Michael Tomsic

Reporter

Michael Tomsic became a full-time reporter for WFAE in August 2012. Before that, he reported for the station as a freelancer and intern while he finished his senior year at the University of North Carolina at Chapel Hill. He’s covered everything from a U.S. presidential visit and a shortage of life-saving cancer drugs to a college football scandal and a cutting-edge art exhibit. Michael has interned with Weekends on All Things Considered in Washington, D.C., where he contributed to the show’s cover stories, produced interviews with Nas and Branford Marsalis, and reported a story about a surge of college graduates joining the military. At UNC, he was the managing editor of the student radio newscast, Carolina Connection. He got his start in public radio as an intern with WHQR in Wilmington, N.C., where he grew up.

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The federal trial over North Carolina's sweeping election overhaul wraps up Friday in Winston-Salem. The U.S. Justice Department, the North Carolina NAACP and others have built their case against the state over the past three weeks of trial. 

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North Carolina's attorneys continue their defense of the state's sweeping election overhaul in federal court Thursday morning. On day 12 of the trial Tuesday, they offered expert testimony that the 2013 changes put North Carolina in line with the majority of states. WFAE's Michael Tomsic was in the courtroom in Winston-Salem and joined Marshall Terry to discuss the latest.

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Voter fraud, the DMV and North Carolina's chief justice were all part of the arguments Thursday in the federal trial over the state's election overhaul.  The U.S. Justice Department, the North Carolina NAACP and other plaintiffs are suing the state over the 2013 changes, which included cuts to early voting and the elimination of same-day registration and out-of-precinct voting. WFAE's Michael Tomsic was in Winston-Salem for day nine of the trial and discussed it with Marshall Terry.

Michael Tomsic

As the federal trial over North Carolina's election overhaul continues in Winston-Salem this week, one word has come up over and over again: disenfranchised. The U.S. Justice Department, the state NAACP and others contend the changes disenfranchised some African-Americans in 2014.

Lawyers suing North Carolina have called more than a dozen witnesses to testify about how they were deprived of their right to vote.

Reverend Moses Colbert from Cleveland County was one of them. The 60-year-old African-American went to vote early during last year's midterm election.

On day two, the trial over North Carolina's election overhaul touched on the state's long history of racial discrimination and its brief debate over sweeping voting changes. The U.S. Justice Department, the League of Women Voters and others suing North Carolina used a mix of personal stories and expert testimony in Winston-Salem on Tuesday.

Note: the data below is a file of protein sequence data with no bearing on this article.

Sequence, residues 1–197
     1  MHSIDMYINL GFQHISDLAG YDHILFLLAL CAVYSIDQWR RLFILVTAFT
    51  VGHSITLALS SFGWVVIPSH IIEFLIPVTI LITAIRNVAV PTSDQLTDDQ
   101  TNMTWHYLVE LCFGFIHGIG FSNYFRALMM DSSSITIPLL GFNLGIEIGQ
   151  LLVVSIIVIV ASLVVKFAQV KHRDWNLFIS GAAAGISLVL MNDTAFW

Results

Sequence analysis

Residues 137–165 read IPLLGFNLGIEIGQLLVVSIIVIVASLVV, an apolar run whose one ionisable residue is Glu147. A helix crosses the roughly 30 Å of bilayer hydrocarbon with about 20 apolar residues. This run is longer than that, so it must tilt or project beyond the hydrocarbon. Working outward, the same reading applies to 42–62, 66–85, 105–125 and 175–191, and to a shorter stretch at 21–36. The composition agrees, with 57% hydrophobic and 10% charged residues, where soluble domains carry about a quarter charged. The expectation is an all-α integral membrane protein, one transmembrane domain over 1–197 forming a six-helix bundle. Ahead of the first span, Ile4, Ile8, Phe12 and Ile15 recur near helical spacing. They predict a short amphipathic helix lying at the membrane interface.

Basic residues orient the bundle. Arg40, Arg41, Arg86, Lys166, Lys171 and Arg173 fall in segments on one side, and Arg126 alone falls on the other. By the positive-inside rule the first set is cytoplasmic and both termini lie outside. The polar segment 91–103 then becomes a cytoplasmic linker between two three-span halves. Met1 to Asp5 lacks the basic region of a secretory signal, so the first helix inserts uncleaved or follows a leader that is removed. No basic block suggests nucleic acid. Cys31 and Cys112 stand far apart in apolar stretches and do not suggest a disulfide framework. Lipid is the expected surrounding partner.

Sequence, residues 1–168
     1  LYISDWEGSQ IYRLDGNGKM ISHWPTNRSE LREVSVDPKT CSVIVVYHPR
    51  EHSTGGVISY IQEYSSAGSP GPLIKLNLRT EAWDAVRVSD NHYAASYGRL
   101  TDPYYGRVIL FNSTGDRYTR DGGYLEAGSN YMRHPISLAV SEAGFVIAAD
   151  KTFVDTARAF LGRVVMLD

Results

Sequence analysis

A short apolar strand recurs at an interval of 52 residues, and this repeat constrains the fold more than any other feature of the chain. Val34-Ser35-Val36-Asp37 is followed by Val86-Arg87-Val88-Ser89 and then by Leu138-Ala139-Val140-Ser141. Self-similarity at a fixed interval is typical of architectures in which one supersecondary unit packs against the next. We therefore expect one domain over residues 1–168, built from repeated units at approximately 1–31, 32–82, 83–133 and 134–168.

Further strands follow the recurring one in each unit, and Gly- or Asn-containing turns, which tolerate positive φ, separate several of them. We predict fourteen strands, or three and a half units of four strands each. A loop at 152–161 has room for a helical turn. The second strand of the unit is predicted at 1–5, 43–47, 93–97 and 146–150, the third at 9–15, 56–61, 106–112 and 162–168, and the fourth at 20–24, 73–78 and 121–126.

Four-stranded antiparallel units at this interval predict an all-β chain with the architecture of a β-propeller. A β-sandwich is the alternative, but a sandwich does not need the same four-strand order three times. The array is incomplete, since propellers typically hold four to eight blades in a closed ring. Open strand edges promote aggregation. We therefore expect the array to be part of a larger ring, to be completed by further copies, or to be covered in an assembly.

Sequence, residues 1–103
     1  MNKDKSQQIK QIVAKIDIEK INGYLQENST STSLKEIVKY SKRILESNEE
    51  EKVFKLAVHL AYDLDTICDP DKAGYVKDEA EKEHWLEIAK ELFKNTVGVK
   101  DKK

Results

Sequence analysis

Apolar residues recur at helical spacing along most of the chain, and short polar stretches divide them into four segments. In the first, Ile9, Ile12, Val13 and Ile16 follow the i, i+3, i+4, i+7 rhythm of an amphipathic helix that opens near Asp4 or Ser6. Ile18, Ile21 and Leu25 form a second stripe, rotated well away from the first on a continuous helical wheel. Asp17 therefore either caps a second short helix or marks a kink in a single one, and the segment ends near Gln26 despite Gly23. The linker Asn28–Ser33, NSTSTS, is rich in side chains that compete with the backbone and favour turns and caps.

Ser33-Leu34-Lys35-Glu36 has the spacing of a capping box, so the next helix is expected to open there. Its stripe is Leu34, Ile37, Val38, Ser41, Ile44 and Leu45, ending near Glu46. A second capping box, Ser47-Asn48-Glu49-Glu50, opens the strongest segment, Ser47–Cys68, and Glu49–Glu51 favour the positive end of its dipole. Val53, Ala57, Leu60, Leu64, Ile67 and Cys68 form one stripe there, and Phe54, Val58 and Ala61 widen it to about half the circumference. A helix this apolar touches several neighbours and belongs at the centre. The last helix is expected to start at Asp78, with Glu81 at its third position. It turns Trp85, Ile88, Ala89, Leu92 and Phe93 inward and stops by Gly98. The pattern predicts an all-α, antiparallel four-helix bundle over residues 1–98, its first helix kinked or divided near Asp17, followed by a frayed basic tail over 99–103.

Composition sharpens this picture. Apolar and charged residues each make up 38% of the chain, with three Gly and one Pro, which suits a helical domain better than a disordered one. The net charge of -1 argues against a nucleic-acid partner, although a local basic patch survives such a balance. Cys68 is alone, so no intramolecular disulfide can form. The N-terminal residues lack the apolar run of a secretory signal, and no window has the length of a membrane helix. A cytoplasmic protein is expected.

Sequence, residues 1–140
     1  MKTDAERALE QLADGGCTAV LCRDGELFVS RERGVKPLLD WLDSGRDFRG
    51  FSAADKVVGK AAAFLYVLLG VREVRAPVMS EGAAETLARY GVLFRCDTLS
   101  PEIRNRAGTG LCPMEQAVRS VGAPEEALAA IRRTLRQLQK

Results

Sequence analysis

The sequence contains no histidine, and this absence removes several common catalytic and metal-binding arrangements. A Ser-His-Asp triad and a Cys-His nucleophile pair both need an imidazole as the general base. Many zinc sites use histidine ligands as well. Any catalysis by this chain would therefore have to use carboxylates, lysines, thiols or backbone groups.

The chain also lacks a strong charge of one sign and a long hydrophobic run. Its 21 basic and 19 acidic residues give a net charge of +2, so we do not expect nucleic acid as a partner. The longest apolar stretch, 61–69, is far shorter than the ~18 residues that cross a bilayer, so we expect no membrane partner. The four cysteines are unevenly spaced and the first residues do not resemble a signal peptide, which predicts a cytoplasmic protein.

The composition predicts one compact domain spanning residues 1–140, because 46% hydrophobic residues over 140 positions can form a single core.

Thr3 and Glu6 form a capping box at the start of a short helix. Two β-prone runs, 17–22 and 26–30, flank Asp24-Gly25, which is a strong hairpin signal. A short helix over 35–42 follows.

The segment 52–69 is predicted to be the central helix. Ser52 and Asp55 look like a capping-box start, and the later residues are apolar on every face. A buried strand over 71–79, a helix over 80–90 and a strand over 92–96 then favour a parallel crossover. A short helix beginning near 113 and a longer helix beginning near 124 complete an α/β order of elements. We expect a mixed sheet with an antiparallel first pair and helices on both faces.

One of the major accusations is that state lawmakers intentionally discriminated against minorities when they passed the changes two years ago. How did that argument play out in court yesterday?

Michael Tomsic / WFAE

The federal trial over North Carolina’s sweeping election overhaul began Monday in Winston-Salem with pointed accusations in court and a massive march right outside it. The U.S. Justice Department, the North Carolina NAACP and others are suing the state. They accuse Republican lawmakers of taking aim at several voting methods that minorities disproportionately relied on.

Kandice Phelps and about 70 other young people rode buses from Salisbury to the march. Phelps is a 17-year-old African-American who plans to be the first from her family to go to college. 

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A federal trial starts in Winston-Salem on Monday morning that will have big implications for voting rights in North Carolina and, potentially, across the country. The U.S. Justice Department and several groups are suing North Carolina over the sweeping election overhaul it passed two years ago. Federal appeals court judges have already indicated that some of the changes likely violate the Voting Rights Act.

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In South Carolina, some state senators are making passionate calls to move the Confederate flag off the Capitol grounds. Senator Vincent Sheheen introduced a bill to do that. On the Senate floor today, he said the debate over the flag shows that racial tensions are still a problem in South Carolina.

"We still have a very serious culture of division within our state. And it's a culture of division that we as leaders have to take stands to change."

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During this Fourth of July week, North Carolina has begun offering a new standard license plate. In addition to First in Flight, drivers can now choose First in Freedom.

The slogan pays tribute to North Carolina's early push as a colony to break from Great Britain.

The man who designed the new plates, Charles Robinson, says this all started for him with a box of cereal when he was 10 years old.  

The Charlotte Motor Speedway and other NASCAR tracks will start asking fans not to display Confederate flags. 

Confederate flags and paraphernalia are common sights at NASCAR races in the South. Fans fly them in the campgrounds and wear them in the stands.

Now, all the NASCAR tracks that host top-flight races are trying to change that. In a statement, they said quote: we are committed to providing a welcoming atmosphere free of offensive symbols.

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